A Colorado private investigator has become the first person to plead guilty in the spying scandal that has rocked HP

Bryan Wagner, a Colorado private investigator ensnared in the Hewlett-Packard pretexting spying scandal that was disclosed in late 2006, recently plead guilty to conspiracy and aggravated identity theft charges in a San Jose federal court.  Although complete details of his plea deal with prosecutors remained sealed, it appears that he is fully cooperating with an ongoing federal probe that may target other people related to the case, including former HP Chairwoman Patricia Dunn.  Wagner will testify for the prosecution against those related to the case, though it has not been published who he would testify against.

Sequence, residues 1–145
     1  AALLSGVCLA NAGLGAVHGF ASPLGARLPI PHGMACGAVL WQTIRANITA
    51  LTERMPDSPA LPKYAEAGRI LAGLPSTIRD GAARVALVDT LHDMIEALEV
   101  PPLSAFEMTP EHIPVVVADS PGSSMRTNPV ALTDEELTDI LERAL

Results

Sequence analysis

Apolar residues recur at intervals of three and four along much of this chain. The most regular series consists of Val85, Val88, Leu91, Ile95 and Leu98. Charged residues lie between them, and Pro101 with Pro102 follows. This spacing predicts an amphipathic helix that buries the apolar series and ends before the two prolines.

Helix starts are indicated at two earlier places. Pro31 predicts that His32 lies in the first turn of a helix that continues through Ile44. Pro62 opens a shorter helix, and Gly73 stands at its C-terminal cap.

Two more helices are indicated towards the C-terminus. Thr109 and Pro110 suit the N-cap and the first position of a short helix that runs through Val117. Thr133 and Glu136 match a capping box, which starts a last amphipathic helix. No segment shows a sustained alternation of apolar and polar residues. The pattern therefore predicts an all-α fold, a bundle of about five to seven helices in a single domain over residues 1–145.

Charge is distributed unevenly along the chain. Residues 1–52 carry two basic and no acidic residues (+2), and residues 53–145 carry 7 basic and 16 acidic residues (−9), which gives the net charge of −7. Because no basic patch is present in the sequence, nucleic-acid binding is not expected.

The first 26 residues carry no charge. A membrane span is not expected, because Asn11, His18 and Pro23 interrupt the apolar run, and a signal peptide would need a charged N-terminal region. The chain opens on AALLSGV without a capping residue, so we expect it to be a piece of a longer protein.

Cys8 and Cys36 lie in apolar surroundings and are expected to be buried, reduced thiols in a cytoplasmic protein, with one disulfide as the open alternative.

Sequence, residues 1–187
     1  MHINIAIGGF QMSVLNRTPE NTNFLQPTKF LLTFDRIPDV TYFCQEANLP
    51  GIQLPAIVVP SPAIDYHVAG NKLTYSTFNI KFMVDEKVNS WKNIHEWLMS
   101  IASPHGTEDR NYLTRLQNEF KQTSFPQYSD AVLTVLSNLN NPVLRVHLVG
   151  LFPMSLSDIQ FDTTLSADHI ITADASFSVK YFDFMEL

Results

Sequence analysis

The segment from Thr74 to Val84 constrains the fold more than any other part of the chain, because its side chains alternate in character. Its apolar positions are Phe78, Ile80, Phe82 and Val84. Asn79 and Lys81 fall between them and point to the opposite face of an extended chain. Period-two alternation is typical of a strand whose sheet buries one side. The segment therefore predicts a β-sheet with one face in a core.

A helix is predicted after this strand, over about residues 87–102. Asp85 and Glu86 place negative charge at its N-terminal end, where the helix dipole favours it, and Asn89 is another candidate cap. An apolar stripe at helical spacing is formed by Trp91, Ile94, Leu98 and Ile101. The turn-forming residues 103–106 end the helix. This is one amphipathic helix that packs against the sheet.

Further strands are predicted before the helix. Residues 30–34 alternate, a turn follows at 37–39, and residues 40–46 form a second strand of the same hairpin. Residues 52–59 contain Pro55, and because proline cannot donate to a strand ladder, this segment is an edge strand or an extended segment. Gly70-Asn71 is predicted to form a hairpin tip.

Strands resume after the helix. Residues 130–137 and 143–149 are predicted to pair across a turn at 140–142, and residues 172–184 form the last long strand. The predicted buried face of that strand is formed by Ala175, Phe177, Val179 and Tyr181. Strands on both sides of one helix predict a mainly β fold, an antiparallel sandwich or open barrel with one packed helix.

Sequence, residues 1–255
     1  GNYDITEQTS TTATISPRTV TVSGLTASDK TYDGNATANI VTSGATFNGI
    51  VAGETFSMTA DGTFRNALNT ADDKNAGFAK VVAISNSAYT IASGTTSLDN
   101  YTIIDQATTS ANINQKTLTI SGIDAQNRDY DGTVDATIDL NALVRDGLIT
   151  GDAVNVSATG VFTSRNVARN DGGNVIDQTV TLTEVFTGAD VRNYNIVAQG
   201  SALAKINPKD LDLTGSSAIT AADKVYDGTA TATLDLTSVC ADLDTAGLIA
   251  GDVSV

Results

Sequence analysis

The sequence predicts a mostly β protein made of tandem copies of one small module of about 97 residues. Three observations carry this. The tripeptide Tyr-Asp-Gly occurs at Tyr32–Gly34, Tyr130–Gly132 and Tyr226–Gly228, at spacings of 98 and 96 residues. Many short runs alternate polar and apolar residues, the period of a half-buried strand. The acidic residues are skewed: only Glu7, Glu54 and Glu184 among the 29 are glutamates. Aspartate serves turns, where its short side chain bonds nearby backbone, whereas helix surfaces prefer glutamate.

Wagner was involved with gathering personal and confidential data on a number of HP board members and journalists.  He admitted to falsely creating a phone account in the name of a Wall Street Journal reporter while using the same reporter's Social Security number to access personal phone records.  This activity, known as pretexting, is illegal in California but also becomes a federal crime when financials or Social Security records come into play.

"He's accepting full responsibility for his actions, although he never thought or intended that they were illegal.  He was just doing a job, doing work that he was assured was above the board," said Stephen Naratil, Wagner's attorney.

Wagner may have to serve time in federal prison, but that ultimately depends on his level of cooperation with the government.  Dunn and HP's former ethics director, Kevin Hunsaker, face the same charges but have plead not guilty.

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